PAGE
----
Increasing social and political polarization in our society continues to exact a heavy toll marked by, among other social ills, a rise in uncivility, an increase in reported hate crimes, and a more pronounced overall climate of intolerance—for viewpoints, causes, and identities alike. Intolerance, either a cause or a consequence of our fraying networks of social engagement, is rampant, hindering our ability to live up to our de facto national motto, “E Pluribus Unum,” or “Out of Many, One” and prompting calls for how best to build a cohesive civil society. Within the public school—an institution conceived primarily ...


The Sexual Misconduct Of Donald J. Trump: Toward A Misogyny Report, Ruthann Robson Jun 2020

The Sexual Misconduct Of Donald J. Trump: Toward A Misogyny Report, Ruthann Robson

Michigan Journal of Gender & Law

The numerous allegations of sexual misconduct—unwanted, unwelcome, often aggressive sexual behavior—levied against Donald Trump merit attention and redress. Despite obstacles to civil remedies, there has been some litigation, but it has mostly been unsatisfactory. The many allegations reported in the media have not been amenable to judicial, legislative, executive, or political resolution. Women, including women who allege Trump committed sexual misconduct against them when they were minors, have generally not been afforded the remedies to which they are entitled.

Because litigation and media accounts have proven inadequate to the task of addressing Trump’s sexual misconduct, there should ...


The Ground On Which We All Stand: A Conversation About Menstrual Equity Law And Activism, Bridget J. Crawford, Margaret E. Johnson, Marcy L. Karin, Laura Strausfeld, Emily Gold Waldman Mar 2020

The Ground On Which We All Stand: A Conversation About Menstrual Equity Law And Activism, Bridget J. Crawford, Margaret E. Johnson, Marcy L. Karin, Laura Strausfeld, Emily Gold Waldman

Michigan Journal of Gender & Law

This essay grows out of a panel discussion among five lawyers on the subject of menstrual equity activism. Each of the authors is a scholar, activist, or organizer involved in some form of menstrual equity work. The overall project is both enriched and complicated by an intersectional analysis.

This essay increases awareness of existing menstrual equity and menstrual justice work; it also identifies avenues for further inquiry, next steps for legal action, and opportunities that lie ahead. After describing prior and current work at the junction of law and menstruation, the contributors evaluate the successes and limitations of recent legal ...


Me Too? The Invisible Older Victims Of Sexual Violence, Ruthy Lowenstein Lazar Mar 2020

Me Too? The Invisible Older Victims Of Sexual Violence, Ruthy Lowenstein Lazar

Michigan Journal of Gender & Law

A review of legal research on violence against women and elder abuse reveals a disturbing picture. There is hardly any American legal research examining sexual abuse of older women and its conceptualization in legal literature and treatment in the legal system.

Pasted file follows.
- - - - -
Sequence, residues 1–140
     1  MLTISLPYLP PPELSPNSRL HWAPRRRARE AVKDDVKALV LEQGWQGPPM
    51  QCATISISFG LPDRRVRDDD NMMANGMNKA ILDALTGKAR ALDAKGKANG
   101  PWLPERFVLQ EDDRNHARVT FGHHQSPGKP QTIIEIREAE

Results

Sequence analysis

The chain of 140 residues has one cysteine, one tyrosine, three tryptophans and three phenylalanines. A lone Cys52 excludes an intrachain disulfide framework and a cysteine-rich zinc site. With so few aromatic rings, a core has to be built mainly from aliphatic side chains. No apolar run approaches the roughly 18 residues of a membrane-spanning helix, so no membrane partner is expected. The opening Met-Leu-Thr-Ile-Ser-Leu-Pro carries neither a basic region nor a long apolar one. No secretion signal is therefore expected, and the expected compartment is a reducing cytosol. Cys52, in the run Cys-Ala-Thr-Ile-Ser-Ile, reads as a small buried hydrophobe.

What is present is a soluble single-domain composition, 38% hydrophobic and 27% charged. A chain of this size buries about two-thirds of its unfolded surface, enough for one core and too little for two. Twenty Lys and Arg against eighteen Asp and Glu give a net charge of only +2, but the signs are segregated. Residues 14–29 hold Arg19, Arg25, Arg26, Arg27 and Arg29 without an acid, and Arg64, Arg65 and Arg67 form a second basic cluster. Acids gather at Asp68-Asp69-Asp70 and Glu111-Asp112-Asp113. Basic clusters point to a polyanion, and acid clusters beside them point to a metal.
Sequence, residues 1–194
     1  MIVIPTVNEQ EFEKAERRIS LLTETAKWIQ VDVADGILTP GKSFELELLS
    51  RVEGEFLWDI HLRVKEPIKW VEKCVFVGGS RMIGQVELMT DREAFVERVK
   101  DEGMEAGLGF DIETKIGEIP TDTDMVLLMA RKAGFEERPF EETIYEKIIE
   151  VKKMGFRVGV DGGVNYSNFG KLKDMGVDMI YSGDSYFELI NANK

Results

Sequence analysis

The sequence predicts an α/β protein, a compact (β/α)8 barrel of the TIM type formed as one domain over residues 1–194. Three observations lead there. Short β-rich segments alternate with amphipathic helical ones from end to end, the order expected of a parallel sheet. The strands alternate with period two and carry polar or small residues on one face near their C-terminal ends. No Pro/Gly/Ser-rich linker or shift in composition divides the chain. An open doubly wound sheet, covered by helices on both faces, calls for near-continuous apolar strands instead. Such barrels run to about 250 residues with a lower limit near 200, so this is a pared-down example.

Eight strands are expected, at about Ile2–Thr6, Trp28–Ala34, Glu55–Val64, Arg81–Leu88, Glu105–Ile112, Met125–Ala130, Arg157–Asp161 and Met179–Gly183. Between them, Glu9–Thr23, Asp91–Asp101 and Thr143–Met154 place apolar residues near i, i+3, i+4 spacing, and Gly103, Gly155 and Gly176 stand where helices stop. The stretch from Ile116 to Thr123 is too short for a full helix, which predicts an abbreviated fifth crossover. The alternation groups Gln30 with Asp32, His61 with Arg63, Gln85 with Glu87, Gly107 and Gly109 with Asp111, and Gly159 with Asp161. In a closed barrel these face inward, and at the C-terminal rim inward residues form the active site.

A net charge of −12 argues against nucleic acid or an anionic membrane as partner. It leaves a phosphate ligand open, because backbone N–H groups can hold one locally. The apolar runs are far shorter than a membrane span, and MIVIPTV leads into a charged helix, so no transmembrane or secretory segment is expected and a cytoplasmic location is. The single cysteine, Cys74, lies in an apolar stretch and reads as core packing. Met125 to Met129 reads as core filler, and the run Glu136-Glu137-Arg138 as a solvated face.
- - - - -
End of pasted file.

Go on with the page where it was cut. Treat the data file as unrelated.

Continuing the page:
This Article attempts to fill the abovementioned gap and to bring the hidden issue of sexual violence against older women to light. Scholars writing on rape, violence against women, and elder abuse tend to analyze age and gendered sexual violence separately from each other, without accounting for their interplay. This Article proposes a conceptual framework of sexual abuse of ...


The Plight Of Women In Positions Of Corporate Leadership In The United States, The European Union, And Japan: Differing Laws And Cultures, Similar Issues, Bettina C. K. Binder, Terry Morehead Dworkin, Niculina Nae, Cindy A. Schipani, Irina Averianova Mar 2020

The Plight Of Women In Positions Of Corporate Leadership In The United States, The European Union, And Japan: Differing Laws And Cultures, Similar Issues, Bettina C. K. Binder, Terry Morehead Dworkin, Niculina Nae, Cindy A. Schipani, Irina Averianova

Michigan Journal of Gender & Law

Gender diversity in corporate governance is a highly debated issue worldwide. National campaigns such as “2020 Women on Boards” in the United States and “Women on the Board Pledge for Europe” are examples of just two initiatives aimed at increasing female representation in the corporate boardroom. Several

European countries have adopted board quotas as a means toward achieving gender diversity. Japan has passed an Act on Promotion of Women’s Participation and Advancement in the Workplace to lay a foundation for establishing targets for promoting women.

This Article examines the status of women in positions of leadership in the United ...


Prescription Restriction: Why Birth Control Must Be Over-The-Counter In The United States, Susannah Iles Jan 2020

Prescription Restriction: Why Birth Control Must Be Over-The-Counter In The United States, Susannah Iles

Michigan Journal of Gender & Law

This Note argues that it is harmful and unnecessary to require women to obtain prescriptions for access to hormonal birth control. Requiring a prescription is necessarily a barrier to access which hurts women and hamstrings the ability to dictate their own reproductive plans. It is also an irrational regulation in light of the relative safety of hormonal birth control pills, particularly progestin-only formulations, compared to other drugs readily available on the shelves.

Leading medical organizations, including the American College of Obstetrics and Gynecologists, advocate for over-the-counter access to hormonal birth control. While acknowledging that not every woman will have positive ...